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Transit Utilization and Traffic Congestion: Is There a Connection?

Posted by Content Coordinator on Wednesday, January 15th, 2014

REASON FOUNDATION

By Thomas A. Rubin and Fatma Mansour
Project Director: Baruch Feigenbaum

Executive Summary

reasonthumbKey Findings:

  • Statistical analysis of the 74 largest urbanized areas in the U.S. over a 26-year period suggests that increasing transit utilization does not lead to a reduction in traffic congestion; nor does decreasing transit utilization lead to an increase in traffic congestion.
  • Policies designed to promote transit utilization can in certain instances increase traffic congestion—as appears to have been the case in Portland, Oregon.
  • Vehicle-miles traveled per freeway lane-mile is strongly correlated with traffic congestion: the more people drive relative to available freeway capacity, the worse congestion gets.
  • Data from New York and Los Angeles indicate that the most effective way to increase transit utilization is by reducing fares, as well as by improving basic, pre-existing service

Introduction

Many commentators, analysts and policymakers claim that increasing transit utilization reduces urban traffic congestion. However, very few transportation studies have attempted to prove this assertion.

This policy study addresses the issue by statistically analyzing the 74 largest urbanized areas (UZAs) in the U.S. over a 26-year period, from 1982 to 2007. It also contains case studies of seven urbanized areas that one would expect to best demonstrate the statistical relationship between transit utilization and traffic congestion, if such a relationship exists. Those urbanized areas are:

  • New York City, Los Angeles and Chicago, which are the three largest urbanized areas in the country;
  • Dallas, Houston and Washington, D.C., which are very large urbanized areas that have made major improvements to their transit infrastructure relatively recently, and
  • Portland, which is generally considered to have one of the most intensive transit-oriented “smart growth” programs in the U.S.

In its examination of both the 74 largest urbanized areas in the country and the seven case studies, this study aims to answer two overarching questions that are of vital importance to transportation policymakers:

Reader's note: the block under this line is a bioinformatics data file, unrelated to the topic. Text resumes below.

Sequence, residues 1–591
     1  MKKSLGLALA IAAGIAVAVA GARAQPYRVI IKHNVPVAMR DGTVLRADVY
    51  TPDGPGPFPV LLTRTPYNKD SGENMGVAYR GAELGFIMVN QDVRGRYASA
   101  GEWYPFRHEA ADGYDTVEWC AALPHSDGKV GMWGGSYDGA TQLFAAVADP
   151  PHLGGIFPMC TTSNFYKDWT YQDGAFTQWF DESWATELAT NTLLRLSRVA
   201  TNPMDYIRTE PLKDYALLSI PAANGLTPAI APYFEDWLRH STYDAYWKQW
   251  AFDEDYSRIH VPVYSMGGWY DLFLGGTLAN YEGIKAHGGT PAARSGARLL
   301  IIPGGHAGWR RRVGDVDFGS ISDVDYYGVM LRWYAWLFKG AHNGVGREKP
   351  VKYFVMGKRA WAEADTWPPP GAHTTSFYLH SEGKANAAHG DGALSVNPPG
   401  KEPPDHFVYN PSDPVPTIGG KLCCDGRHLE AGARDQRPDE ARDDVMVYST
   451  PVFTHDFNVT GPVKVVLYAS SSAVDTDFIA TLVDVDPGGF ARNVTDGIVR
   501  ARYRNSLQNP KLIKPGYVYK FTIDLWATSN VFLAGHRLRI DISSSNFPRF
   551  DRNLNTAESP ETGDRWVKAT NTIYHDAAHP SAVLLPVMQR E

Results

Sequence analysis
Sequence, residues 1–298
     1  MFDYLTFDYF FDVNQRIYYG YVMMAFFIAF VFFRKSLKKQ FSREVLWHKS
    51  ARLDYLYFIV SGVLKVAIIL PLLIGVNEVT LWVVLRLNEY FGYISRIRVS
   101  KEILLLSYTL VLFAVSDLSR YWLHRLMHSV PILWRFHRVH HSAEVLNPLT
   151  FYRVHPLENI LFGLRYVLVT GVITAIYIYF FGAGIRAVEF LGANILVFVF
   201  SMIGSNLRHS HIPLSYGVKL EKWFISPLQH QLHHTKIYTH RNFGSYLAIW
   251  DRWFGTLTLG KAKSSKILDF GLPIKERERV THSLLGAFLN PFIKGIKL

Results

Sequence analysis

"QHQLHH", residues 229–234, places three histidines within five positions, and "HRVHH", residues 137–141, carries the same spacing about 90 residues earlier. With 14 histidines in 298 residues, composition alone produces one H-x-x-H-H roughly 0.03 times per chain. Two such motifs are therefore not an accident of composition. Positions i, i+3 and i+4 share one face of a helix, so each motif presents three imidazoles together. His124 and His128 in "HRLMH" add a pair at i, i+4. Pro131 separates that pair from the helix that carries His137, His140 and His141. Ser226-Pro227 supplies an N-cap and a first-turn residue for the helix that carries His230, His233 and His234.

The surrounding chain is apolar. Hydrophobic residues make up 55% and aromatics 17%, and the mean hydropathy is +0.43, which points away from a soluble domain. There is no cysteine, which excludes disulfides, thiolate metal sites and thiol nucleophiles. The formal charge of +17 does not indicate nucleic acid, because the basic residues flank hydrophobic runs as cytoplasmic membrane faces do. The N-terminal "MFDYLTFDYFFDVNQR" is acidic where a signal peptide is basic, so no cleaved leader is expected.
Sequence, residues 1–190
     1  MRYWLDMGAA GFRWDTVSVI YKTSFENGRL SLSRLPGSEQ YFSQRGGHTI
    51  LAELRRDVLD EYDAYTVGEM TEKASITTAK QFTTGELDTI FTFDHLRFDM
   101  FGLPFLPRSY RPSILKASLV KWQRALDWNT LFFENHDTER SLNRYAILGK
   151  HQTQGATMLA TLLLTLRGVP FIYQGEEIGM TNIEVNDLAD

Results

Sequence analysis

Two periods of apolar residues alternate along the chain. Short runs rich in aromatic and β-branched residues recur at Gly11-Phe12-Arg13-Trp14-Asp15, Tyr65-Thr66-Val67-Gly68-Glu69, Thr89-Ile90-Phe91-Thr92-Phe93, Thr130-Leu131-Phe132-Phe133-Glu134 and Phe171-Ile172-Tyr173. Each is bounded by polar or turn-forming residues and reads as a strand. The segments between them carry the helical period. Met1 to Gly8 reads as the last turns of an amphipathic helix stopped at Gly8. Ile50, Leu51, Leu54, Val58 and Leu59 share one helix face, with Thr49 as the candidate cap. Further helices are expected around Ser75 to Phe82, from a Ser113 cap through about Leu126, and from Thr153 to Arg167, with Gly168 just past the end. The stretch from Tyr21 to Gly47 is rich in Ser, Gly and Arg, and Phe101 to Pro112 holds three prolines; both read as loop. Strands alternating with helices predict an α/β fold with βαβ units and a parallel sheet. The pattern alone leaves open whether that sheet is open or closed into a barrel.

• Firstly, does an increase in transit utilization lead to a reduction in traffic congestion, and vice versa?
  • Secondly, does an increase in vehicle-miles traveled (VMT) lead to an increase in traffic congestion, and vice versa?

This study uses the Texas Transportation Institute’s Travel Time Index (TTI) throughout to measure traffic congestion. Two different measures are used for transit utilization: annual transit unlinked trips per capita and annual transit passenger-miles per capita. The overall analysis of the 74 largest urbanized areas uses two VMT figures: VMT per lane-mile on freeways and VMT per lane-mile on arterial streets. The case studies use only the freeways figure, as the arterial street analysis, while significant, was far less so than the freeway analysis.

Accordingly, this study’s statistical analysis provides empirical answers to the following four questions:

1. What effect does the number of annual transit unlinked trips per capita have on traffic congestion in major urbanized areas?

2. What effect does the number of annual transit passenger-miles per capita have on traffic congestion in major urbanized areas?

3. What effect does the number of vehicle-miles traveled per freeway lane-mile have on traffic congestion in major urbanized areas?

4. What effect does the number of vehicle-miles traveled per arterial lane-mile have on traffic congestion in major urbanized areas?

The study’s finding on each of these research questions is detailed below. This is followed by summaries of all seven case studies, in which only the first three questions are discussed.

Figure ES1: Annual Unlinked Passenger Trips Per Capita vs TTI (74 Largest and Selected Major U.S. UZAs 1982–2007) 
Download full version (PDF): Transit Utilization and Traffic Congestion

About Reason Foundation
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“Reason Foundation advances a free society by developing, applying, and promoting libertarian principles, including individual liberty, free markets, and the rule of law.  Reason Foundation produces respected public policy research on a variety of issues and publishes the critically-acclaimed Reason magazine. Together, our top-tier think tank and political and cultural magazine reach a diverse, influential audience, advancing the values of choice, individual freedom and limited government.”

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